I was at work when my boyfriend texted that I’d finally received the package. Almost too excited to focus, I rushed home as soon as the clock turned 5pm. I’d been waiting for days for this shipment, and my heart would skip a beat every time I heard the mailman walk up to my door. He was to deliver something coveted by chefs, butchers, and beef connoisseurs alike – ribeye cab – the most baller cut of beef.
If you’ve never heard of ribeye cap, you're not alone. This little-known cut is hard to find, which adds to its allure. It’s a steak that’s as tender as filet mignon and as bold as ribeye. And if you’ve eaten ribeye, then you’ve sampled the cap; It’s the muscle wrapped around the eye, or center, of the steak and is densely marbled with flavorful fat. When you cut that muscle (the spinalis dorsi) from the ribs of beef, you have about 16 inches of pure deliciousness. After reading all about the glories of the cap, I couldn’t wait to sink my teeth into some.
When I got home from work, my package from Snake River Farms was waiting for me. I impatiently tore into the box, opened the styrofoam cooler, and dug through layers of frozen gel packs to finally find 20 beautiful ounces of ribeye cap. Not only is the cap a special cut, but my beef came from a pretty amazing company. Snake River Farms is a beef purveyor obsessed with quality. Up until recently, they only sold the cap to some of the most exclusive restaurants in the country, including the French Laundry, one of the few restaurants in the world that has been graced with 3 Michelin stars.
After being so anxious about getting the meat, I left it in the freezer for days while I contemplated how to prepare it. I had to do this exquisite meat justice – no average preparation would suffice.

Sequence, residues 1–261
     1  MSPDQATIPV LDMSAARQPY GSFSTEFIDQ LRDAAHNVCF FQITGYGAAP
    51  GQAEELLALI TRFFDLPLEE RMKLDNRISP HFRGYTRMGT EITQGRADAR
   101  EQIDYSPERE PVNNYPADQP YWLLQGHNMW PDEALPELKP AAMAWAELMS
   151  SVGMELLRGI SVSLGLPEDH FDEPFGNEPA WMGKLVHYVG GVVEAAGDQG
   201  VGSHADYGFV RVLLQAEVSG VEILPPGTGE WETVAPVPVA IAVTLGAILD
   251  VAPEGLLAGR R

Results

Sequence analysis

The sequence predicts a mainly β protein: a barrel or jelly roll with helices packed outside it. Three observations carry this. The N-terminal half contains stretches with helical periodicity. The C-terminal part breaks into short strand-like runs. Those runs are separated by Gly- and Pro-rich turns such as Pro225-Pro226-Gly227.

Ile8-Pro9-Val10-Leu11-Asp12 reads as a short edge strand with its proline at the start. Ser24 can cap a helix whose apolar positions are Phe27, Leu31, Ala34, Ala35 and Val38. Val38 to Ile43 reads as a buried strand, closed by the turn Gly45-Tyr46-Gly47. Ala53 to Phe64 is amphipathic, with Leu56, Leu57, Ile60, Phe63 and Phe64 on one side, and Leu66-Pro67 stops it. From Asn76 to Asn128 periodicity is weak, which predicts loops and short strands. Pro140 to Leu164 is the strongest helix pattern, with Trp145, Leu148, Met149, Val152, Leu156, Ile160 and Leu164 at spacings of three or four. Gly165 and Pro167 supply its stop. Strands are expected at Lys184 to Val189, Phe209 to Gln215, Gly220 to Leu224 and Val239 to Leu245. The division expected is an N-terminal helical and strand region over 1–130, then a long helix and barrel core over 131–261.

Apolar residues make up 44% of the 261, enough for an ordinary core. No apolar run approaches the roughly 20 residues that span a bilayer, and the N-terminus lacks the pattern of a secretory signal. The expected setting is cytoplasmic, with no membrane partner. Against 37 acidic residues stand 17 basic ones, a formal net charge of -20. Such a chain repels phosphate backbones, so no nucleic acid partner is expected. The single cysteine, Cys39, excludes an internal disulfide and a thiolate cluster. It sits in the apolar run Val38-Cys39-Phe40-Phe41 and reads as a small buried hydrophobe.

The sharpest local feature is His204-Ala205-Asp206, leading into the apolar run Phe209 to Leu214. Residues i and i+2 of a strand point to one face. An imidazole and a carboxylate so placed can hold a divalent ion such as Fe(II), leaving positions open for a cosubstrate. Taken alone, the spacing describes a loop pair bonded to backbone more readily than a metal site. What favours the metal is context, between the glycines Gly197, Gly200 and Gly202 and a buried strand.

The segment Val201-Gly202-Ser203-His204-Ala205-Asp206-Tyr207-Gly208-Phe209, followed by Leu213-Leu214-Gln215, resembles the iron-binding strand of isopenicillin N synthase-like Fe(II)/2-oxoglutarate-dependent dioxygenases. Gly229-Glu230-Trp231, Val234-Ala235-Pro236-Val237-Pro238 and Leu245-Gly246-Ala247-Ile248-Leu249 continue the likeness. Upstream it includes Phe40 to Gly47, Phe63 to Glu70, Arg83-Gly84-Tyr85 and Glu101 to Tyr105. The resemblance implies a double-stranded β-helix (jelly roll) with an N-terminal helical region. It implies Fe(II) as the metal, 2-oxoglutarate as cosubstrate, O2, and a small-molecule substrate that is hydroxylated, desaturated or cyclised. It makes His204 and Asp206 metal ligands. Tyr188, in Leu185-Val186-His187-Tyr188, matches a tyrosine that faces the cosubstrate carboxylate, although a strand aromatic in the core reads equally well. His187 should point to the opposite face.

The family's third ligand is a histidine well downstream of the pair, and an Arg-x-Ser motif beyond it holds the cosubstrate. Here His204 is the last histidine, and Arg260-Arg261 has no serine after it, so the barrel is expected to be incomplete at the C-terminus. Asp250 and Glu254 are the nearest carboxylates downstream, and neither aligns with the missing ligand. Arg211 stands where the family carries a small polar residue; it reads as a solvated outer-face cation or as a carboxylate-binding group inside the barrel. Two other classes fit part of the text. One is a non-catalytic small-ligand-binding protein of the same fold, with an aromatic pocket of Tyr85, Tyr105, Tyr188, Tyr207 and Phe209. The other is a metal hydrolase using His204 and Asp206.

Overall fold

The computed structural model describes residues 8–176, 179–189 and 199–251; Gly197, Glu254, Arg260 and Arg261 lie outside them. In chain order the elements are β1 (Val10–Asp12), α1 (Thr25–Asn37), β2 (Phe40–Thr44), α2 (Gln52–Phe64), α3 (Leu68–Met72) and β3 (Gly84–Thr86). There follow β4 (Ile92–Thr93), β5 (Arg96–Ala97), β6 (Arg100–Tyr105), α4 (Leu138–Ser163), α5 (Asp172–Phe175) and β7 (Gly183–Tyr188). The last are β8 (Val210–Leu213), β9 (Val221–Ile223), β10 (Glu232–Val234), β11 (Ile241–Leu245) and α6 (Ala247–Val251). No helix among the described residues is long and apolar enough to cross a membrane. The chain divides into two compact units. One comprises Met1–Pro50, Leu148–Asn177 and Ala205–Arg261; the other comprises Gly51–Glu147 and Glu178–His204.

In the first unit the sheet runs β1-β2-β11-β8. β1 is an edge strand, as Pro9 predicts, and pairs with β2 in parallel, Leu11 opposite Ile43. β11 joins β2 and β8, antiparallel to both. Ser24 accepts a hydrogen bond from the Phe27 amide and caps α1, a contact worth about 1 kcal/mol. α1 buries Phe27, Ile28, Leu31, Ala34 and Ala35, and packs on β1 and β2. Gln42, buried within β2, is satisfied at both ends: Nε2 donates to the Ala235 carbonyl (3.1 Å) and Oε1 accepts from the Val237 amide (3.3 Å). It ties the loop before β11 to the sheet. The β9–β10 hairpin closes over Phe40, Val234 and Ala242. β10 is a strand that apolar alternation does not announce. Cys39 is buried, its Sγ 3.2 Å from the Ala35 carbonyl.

Then, out of nowhere, the solution fell into my lap: I would sous vide it. A friend of a friend unexpectedly lent me a professional-grade immersion circulator - the coolest piece of kitchen equipment I’ve ever laid hands on. For those of you who aren’t familiar with sous vide cookery, it involves vacuum-sealing food in a plastic bag and poaching it in a water bath. The immersion circulator precisely regulates the temperature and gently cooks the meat to an exact doneness, without any fear of overcooking.
With the help of a local restaurant (thanks Joe from Heritage), I vacuum sealed my ribeye cap and poached it in a 135 degree bath for about an hour. At this point the steak was a perfect medium rare but had no caramelized crust. So I liberally seasoned it with salt and pepper and heated a heavy bottom pan with some olive oil and pork fat. I also threw in a couple cloves of crushed garlic and dried thyme for good measure. Once the pan was very hot, I seared the steak for about 2 minutes a side. I served it with a simple arugula salad and a nice glass of red wine.
The steak was shockingly good – perhaps the best I’ve had in my life. It was so tender that I could cut it with my fork, and it had an intense, almost concentrated beef flavor. The sous vide preparation helped me cook it with precision, and the simple seasoning let the flavor of the beef shine. This dinner was one of the most memorable and decadent meals I've made. Although the ribeye cap is extremely pricey ($199 for 20 – 28 ounces), it’s something you should experience at least once in your life.